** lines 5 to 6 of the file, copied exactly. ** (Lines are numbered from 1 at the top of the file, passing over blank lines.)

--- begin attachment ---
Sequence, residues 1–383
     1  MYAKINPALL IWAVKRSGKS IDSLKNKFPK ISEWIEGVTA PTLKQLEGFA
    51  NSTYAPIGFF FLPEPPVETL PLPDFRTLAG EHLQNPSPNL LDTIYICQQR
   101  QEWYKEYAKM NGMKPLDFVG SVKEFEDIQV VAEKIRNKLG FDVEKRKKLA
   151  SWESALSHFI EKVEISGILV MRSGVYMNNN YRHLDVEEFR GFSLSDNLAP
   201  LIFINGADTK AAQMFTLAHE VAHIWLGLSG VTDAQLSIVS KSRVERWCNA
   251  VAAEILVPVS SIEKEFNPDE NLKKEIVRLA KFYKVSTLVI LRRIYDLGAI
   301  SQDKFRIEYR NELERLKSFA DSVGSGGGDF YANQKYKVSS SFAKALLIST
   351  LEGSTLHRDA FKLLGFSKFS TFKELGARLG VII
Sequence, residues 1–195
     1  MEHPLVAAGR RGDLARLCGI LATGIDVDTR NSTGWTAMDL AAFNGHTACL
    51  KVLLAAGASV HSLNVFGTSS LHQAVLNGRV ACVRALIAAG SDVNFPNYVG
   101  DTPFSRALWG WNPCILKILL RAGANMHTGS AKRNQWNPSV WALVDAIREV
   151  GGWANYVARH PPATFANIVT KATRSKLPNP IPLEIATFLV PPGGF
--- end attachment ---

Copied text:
   151  SWESALSHFI EKVEISGILV MRSGVYMNNN YRHLDVEEFR GFSLSDNLAP
   201  LIFINGADTK AAQMFTLAHE VAHIWLGLSG VTDAQLSIVS KSRVERWCNA